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23 Aug, 2019 17:38

Handcuffs, coffins and $3.3m: English football team in last-minute bid to avoid extinction

Handcuffs, coffins and $3.3m: English football team in last-minute bid to avoid extinction

Bury FC's owner has asked for public assistance in saving the club from extinction and hopes to raise more than $3 million by midnight on Friday to prevent the 134-year-old club from expulsion from the English Football League.

Steve Dale, owner of Bury FC, has appealed to local businesses to help save the club as the clock ticks ever-closer to a midnight deadline to pay off creditors and to prove to league authorities that they have the necessary funds in place to complete the football season. 

The League One side have already had the first six games of their season suspended owing to their financial woes.

"We've gone to the public and we've said: 'If you want to save a football club, make a pledge to the club - not me'" Dale told the BBC. 

"Once we're up to the amount the EFL says we need with projections, we can go back to them and say it's nothing to do with me, there's £2m ($2.4m), £3m ($3.6m), whatever it is, from genuine people who'll pledge to the club."

EFL authorities have confirmed that an extension on the deadline is possible if the club can show evidence of serious interest from a third party in purchasing the club, or acting as a guarantor on their debts. 

Several people associated with the club, including ex-director Joy Hart (daughter of club legend Les Hart) have vented their frustration at the handling of the club.

Hart handcuffed herself to the club's Gigg Lane stadium, while a coffin reading 'RIP Bury FC, 1885 - ?' was also left outside the ground.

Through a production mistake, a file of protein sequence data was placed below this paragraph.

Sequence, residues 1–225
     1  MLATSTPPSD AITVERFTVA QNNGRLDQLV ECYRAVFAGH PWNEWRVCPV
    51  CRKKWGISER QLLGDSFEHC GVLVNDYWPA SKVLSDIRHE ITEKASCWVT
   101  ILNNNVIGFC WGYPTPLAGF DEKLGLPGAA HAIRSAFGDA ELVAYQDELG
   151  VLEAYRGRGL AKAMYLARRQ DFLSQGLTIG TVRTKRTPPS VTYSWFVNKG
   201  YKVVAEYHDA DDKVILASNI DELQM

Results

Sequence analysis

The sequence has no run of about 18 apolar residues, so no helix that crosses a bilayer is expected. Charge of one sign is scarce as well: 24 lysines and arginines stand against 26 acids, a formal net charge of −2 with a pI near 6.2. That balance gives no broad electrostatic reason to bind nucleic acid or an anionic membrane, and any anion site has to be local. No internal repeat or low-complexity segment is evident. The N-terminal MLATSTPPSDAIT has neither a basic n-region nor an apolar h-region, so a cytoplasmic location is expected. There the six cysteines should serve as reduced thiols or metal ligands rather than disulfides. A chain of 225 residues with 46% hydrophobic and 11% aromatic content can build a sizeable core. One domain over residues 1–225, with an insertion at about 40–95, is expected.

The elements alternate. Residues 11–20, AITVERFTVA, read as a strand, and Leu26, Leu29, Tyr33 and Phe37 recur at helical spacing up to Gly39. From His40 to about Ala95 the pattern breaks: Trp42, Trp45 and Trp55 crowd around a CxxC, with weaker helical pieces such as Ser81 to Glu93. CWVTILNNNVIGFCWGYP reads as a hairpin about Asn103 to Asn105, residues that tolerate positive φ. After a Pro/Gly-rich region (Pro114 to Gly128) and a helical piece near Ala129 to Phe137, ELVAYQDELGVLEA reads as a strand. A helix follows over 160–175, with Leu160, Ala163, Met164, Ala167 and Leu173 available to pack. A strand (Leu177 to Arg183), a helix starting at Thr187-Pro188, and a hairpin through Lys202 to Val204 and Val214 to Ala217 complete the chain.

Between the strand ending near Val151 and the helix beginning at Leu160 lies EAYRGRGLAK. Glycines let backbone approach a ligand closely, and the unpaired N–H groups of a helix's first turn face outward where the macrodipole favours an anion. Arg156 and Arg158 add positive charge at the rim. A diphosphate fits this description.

"The clock is ticking, there's no question," said EFL chief executive Debbie Jevans . "Nobody wants to see this club disappear out of the league, least of all me, which is why we are working 24/7 to try to stop that happening."

"However, the board will continue to work tirelessly to achieve a solution, whether by the current ownership providing the required outstanding financial information, or by a change of control being completed with new owners meeting the EFL's requirements," a statement released by the EFL on Friday read.

Bury were promoted to League One following a successful League Two campaign last season but the club's success on the field was contrasted by financial failures off of it. Players and staff were regularly paid late and a winding-up order was filed before it was dismissed as Bury attempted to secure further funding for the club.

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Bury has stated that there are four separate parties interested in buying the club. If a takeover isn't completed in time, Bury would likely be expelled from the division and invited to re-apply for league competition further down the football pyramid. 

Should Bury's worst fears be confirmed, it will be the first time in 27 years that an EFL club has been unable to complete a season.